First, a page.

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Sunday, 21 September 2014
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The project schedule is the core of the project plan. It is used by the project manager to commit people to the project and show the organization how the work will be performed. Schedules are used to communicate final deadlines and, in some cases, to determine resource needs. They are also used as a kind of checklist to make sure that every task necessary is performed. If a task is on the schedule, the team is committed to doing it. In other words, the project schedule is the means by which the project manager brings the team and the project under control.

Project Schedule

The project schedule is a calendar that links the tasks to be done with the resources that will do them. Before a project schedule can be created, the project manager must have a work breakdown structure (WBS), an effort estimate for each task, and a resource list with availability for each resource. If these are not yet available, it may be possible to create something that looks like a schedule, but it will essentially be a work of fiction. A project manager’s time is better spent on working with the team to create a WBS and estimates (using a consensus-driven estimation method like Wideband Delphi—see Chapter 3) than on trying to build a project schedule without them. The reason for this is that a schedule itself is an estimate: each date in the schedule is estimated, and if those dates do not have the buy-in of the people who are going to do the work, the schedule will almost certainly be inaccurate.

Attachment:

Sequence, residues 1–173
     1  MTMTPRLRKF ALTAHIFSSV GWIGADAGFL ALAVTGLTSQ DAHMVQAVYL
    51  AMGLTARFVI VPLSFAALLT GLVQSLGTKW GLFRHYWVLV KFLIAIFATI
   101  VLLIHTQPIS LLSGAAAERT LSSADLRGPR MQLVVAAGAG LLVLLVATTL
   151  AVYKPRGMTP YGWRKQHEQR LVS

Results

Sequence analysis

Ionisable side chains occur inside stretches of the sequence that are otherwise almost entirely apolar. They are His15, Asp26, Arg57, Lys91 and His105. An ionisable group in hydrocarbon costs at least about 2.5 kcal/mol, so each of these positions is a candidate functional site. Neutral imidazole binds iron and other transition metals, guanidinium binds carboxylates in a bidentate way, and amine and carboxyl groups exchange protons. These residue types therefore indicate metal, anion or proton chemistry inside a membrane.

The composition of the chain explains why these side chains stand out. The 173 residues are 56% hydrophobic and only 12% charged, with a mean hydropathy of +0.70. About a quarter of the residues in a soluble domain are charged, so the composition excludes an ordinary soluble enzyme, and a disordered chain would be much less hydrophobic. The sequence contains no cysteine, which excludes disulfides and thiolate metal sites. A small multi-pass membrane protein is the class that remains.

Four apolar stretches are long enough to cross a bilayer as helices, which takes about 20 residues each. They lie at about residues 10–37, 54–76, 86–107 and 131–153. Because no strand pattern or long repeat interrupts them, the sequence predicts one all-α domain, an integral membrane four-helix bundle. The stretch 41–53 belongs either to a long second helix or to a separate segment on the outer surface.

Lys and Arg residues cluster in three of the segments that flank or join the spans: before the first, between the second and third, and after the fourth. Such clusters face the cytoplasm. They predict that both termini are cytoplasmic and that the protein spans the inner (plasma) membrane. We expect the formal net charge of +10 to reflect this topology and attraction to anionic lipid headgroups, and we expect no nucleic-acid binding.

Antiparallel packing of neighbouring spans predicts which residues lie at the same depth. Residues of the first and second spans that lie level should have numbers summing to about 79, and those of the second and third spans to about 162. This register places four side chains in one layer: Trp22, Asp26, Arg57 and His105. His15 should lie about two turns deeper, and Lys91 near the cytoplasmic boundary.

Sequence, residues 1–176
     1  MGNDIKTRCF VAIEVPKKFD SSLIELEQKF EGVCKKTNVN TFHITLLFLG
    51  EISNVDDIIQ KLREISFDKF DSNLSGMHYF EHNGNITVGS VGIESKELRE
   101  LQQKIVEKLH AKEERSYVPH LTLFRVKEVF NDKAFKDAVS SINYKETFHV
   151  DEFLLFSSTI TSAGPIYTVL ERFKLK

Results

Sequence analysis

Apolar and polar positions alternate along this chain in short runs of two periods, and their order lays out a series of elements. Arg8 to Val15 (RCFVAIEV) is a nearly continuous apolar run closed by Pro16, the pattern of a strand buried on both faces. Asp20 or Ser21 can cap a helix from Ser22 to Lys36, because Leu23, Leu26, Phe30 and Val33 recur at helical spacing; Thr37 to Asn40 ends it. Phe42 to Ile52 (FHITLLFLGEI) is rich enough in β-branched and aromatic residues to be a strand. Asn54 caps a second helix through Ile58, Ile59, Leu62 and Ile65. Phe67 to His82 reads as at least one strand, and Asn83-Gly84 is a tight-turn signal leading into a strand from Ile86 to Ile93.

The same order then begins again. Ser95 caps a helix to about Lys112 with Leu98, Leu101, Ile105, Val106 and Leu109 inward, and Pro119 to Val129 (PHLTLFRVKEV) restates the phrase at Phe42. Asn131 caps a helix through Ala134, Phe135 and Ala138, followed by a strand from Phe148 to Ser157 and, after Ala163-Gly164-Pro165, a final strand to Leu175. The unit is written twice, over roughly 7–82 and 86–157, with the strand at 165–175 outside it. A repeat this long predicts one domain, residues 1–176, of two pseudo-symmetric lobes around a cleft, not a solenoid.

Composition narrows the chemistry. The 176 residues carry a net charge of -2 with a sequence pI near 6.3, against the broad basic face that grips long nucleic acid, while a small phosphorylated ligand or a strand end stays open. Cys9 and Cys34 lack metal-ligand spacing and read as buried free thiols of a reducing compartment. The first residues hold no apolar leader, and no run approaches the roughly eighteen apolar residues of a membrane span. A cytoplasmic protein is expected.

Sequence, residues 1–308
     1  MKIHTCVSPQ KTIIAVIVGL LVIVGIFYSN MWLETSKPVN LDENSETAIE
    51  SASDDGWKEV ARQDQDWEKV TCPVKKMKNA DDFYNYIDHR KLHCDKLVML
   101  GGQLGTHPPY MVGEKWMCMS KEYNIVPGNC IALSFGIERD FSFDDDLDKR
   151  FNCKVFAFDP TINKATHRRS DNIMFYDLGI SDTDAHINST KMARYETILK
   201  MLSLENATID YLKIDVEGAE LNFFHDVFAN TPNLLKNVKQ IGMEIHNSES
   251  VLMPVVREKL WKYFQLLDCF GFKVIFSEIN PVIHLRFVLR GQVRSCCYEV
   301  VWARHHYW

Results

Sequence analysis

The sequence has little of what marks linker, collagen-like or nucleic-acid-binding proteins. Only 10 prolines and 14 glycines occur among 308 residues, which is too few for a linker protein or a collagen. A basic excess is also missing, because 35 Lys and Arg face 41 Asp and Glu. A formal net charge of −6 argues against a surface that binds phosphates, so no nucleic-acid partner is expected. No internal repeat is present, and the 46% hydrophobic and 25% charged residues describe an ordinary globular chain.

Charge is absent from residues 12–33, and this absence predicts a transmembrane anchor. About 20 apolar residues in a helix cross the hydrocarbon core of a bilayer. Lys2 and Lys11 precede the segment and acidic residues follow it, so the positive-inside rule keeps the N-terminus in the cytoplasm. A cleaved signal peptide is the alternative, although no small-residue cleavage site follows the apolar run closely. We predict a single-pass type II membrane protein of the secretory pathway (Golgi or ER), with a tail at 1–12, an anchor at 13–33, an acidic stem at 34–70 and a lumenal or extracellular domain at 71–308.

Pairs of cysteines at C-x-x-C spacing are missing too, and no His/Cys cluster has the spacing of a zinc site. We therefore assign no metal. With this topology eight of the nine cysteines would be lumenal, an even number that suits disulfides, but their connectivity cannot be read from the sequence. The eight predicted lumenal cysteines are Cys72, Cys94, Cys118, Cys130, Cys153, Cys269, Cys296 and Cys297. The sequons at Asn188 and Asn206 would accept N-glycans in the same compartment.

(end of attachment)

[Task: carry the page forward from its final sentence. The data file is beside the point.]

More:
There are many project scheduling software products which can do much of the tedious work of calculating the schedule automatically, and plenty of books and tutorials dedicated to teaching people how to use them. However, before a project manager can use these tools, he should understand the concepts behind the WBS, dependencies, resource allocation, critical paths, Gantt charts and earned value. These are the real keys to planning a successful project.